The reduction methods previously described for irreducible patella cases are either closed [1, 10, 13, 18, 22] by applying lateral pressure to the medial patellar surface while performing gentle knee hyperextension or by arthrotomy (mini-open approach) [2, 4, 5, 6, 7, 9, 11, 12, 14, 15, 16, 17, 21, 25] as opposed to arthroscopic as in the current case.

Closed reduction should always be the first step in uncomplicated patellar dislocations; however, in true irreducible cases arthroscopy or arthrotomy may be necessary in order to understand the blocking mechanism and to prevent additional damage to cartilage or soft tissue.

Considering the high incidence of cartilage damage, which can be as high as 94% of the cases in some series [3],, a complete knee articular space inspection seems to be an advantage associated to the arthroscopic approach. Moreover, it allows an easy, reliable and dynamic method to confirm if the correct patellar tracking is achieved after reduction.

After patellar reduction is achieved, it is important to manage potential additional lesions present (e.g. bone fractures, cartilage or soft tissue injuries). With regard to injury of the medial structures, it has been well established in the literature that surgical repair does not improve the short- or long-term results in primary patellar dislocations when compared to conservative treatment [19]. As good patellar tracking was confirmed arthroscopically after patellar reduction and no major medial soft tissue injury was found, the standard conservative treatment protocol for primary patellar dislocations was used.

In current literature an immobilization period, with the knee in extension, ranging from 2 to 6 weeks post-operative was applied. In this case, a 2-week immobilization period followed by progressive rehabilitation with a semi-rigid knee brace was prescribed.

After the rehabilitation programme, the patient returned to sport activity without symptoms.

Conclusion

Despite the major impact of the trauma mechanism, it shows that good outcome in the short- and mid-term can be expected.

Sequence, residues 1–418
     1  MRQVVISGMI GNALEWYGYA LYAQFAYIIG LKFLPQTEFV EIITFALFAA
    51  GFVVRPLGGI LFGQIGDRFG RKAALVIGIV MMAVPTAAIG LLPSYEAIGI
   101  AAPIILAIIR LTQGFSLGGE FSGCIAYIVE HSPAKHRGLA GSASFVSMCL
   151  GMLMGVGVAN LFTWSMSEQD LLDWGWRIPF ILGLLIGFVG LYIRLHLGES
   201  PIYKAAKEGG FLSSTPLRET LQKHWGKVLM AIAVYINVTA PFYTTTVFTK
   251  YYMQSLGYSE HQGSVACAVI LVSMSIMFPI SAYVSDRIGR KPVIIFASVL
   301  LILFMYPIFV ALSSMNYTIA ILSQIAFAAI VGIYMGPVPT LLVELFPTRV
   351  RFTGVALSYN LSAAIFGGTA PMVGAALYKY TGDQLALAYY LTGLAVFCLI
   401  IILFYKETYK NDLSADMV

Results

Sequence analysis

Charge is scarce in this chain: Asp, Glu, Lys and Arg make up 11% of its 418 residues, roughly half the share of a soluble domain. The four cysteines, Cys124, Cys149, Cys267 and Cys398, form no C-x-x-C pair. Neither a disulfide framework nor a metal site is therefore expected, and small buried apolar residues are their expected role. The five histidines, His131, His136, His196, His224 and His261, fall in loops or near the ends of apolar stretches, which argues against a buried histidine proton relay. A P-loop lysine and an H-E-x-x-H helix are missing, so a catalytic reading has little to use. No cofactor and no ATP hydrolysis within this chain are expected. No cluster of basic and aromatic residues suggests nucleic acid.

To our knowledge, this is the first arthroscopic reduction method described for irreducible patellar dislocation representing a good alternative that allows for direct visualization of the reduction and complete articular inspection for additional injuries, being less invasive than the classic open arthrotomy.

Notes

Author contributions

All authors significantly contributed to the writing of this manuscript.

Funding

No external funding was used

Compliance with ethical standards

Conflict of interest

The authors declare that they have no competing interests.

Ethical approval

All procedures performed in studies involving human participants were in accordance with the ethical standards of the institutional and/or national reserach committee and with the 1964 Helsinki Declartion and its later amendments or comparable ethical standards.

Informed consent

For this type of study formal consent is not required.

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Copyright information

© The Author(s) 2018

Open AccessThis article is distributed under the terms of the Creative Commons Attribution 4.0 International License (http://creativecommons.org/licenses/by/4.0/), which permits unrestricted use, distribution, and reproduction in any medium, provided you give appropriate credit to the original author(s) and the source, provide a link to the Creative Commons license, and indicate if changes were made.

Authors and Affiliations

  • João Teixeira
    • 1
  • Carlo Gamba
    • 2
  • Jan Ophuis
    • 3
    • 4
  • Geert A. Buijze
    • 3
    • 4
  • Gino M. M. J. Kerkhoffs
    • 3
    • 4
    • 5
    Email author
  1. 1.Department of Orthopaedic and TraumatologyCentro Hospitalar de Entre o Douro e VougaSanta Maria da FeiraPortugal
  2. 2.Department of Orthopaedic and TraumatologyHospital de la Santa Creu i Sant Pau, UABBarcelonaSpain
  3. 3.Department of Orthopaedic Surgery, Orthopaedic Research Center AmsterdamAcademic Medical CenterAmsterdamThe Netherlands
  4. 4.Academic Center for Evidence based Sports medicine (ACES)AmsterdamThe Netherlands
  5. 5.Amsterdam Collaboration for Health and Safety in Sports (ACHSS)AmsterdamThe Netherlands